Biden border czar announces resignation amidst disastrous humanitarian crisis at the border

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Special Assistant to the President and Coordinator for the Southern Border Roberta Jacobson said Friday that she is leaving government at the end of the month, making the announcement a day after U.S. Customs and Border Protection released data showing record numbers of illegal immigrants are pouring into the U.S. from Mexico.

What are the details?

National Security Advisor Jake Sullivan issued a statement saying that Jacobson would be “retiring from her role as Coordinator” at the end of this month, saying the move was “consistent with her commitment at the outset to serve in the [Biden] Administration's first 100 days.”

Jacobson, the former ambassador to Mexico, confirmed the news to The New York Times while praising the Biden administration, saying, “They continue to drive toward the architecture that the president has laid out: an immigration system that is humane, orderly and safe.”

She added, “I leave optimistically. The policy direction is so clearly right for our country.”

The Times reported that Jacobson intends to leave government entirely at the end of April, adding:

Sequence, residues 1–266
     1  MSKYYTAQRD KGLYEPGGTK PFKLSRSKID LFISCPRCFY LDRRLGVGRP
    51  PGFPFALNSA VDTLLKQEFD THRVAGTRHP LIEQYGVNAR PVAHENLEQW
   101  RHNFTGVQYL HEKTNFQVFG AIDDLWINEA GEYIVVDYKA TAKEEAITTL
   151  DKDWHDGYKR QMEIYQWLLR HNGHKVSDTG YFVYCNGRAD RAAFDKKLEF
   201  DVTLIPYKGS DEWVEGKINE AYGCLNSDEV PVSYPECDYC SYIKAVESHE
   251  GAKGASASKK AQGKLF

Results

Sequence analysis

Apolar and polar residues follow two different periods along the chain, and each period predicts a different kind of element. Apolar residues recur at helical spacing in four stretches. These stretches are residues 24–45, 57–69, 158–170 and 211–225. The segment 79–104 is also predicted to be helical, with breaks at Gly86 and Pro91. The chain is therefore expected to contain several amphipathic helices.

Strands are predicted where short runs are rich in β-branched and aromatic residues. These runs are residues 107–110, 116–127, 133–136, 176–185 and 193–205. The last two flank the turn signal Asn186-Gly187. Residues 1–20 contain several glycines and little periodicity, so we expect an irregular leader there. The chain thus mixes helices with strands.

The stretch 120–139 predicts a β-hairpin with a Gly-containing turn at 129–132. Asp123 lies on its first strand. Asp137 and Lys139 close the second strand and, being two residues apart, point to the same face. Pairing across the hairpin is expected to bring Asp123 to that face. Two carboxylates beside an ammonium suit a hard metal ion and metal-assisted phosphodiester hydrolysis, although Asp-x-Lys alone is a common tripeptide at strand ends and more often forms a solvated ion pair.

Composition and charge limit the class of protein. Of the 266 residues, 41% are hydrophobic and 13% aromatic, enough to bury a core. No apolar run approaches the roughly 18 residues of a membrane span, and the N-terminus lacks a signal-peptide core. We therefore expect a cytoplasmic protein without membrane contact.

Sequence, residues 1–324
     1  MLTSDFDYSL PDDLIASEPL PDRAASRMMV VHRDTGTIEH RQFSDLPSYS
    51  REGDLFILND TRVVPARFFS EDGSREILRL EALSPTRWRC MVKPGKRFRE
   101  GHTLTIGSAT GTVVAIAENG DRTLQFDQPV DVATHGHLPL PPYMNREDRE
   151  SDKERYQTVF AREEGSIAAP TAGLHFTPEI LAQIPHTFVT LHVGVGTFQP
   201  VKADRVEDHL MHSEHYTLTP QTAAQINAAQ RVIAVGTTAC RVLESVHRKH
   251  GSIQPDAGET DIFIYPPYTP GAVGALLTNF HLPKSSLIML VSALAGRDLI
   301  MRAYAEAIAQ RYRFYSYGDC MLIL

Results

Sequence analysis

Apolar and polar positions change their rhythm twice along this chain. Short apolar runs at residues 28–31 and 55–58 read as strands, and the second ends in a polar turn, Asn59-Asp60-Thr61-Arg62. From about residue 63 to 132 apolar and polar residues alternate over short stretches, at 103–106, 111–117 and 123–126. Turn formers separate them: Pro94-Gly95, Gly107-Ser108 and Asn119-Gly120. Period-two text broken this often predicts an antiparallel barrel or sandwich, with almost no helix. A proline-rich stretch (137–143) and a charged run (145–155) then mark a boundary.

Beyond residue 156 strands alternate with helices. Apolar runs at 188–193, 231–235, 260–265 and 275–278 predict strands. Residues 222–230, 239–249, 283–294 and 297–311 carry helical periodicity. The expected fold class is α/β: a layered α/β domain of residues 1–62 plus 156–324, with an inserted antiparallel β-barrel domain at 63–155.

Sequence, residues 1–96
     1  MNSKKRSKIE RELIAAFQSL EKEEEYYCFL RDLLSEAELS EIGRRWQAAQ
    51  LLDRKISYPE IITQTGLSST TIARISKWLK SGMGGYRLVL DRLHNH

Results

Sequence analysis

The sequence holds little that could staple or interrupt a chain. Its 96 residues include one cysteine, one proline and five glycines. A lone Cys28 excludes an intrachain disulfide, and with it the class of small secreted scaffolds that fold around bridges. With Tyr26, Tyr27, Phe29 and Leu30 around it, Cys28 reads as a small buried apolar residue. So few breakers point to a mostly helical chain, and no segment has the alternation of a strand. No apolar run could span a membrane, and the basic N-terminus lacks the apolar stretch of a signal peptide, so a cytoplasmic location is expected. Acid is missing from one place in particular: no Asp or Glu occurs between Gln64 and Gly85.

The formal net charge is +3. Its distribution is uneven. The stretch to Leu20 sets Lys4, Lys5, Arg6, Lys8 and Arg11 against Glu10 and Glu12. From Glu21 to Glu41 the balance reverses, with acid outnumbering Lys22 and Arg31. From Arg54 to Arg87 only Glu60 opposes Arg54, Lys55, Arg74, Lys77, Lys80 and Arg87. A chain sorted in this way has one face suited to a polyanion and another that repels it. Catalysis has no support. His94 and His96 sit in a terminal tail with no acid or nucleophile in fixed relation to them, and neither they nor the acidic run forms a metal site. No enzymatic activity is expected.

The timing of her departure is nonetheless striking, coming in the middle of the administration's efforts to reduce the flow of immigration from Honduras, Guatemala and El Salvador. Ms. Jacobson had been charged with leading that effort when her appointment was announced this year.

On Thursday, the CBP reported that according to their numbers, March saw the highest monthly total of migrants attempting to cross into the U.S. from Mexico in more than a decade, hitting 172,000 — a 71% increase from the month before.

More than two weeks ago, President Joe Biden announced that Vice President Kamala Harris would be taking the lead for the administration to stem the surge of migration at the southern border, but Harris has yet to hold a press conference on the matter or to visit the area.

In Sullivan's statement on Friday, he reiterated that Biden asked Harris “to lead the Administration's work on our efforts with Mexico and the Northern Triangle, a testament to the importance this administration places on improving conditions in the region.”

Jacobson denies that Harris being tapped to handle the crisis had any bearing on her decision to step down, telling The Times, “I briefed and worked in support of the vice president's leadership on this issue. Nobody could be more delighted to see the vice president take on that role. It didn't have anything to do with my decision.”

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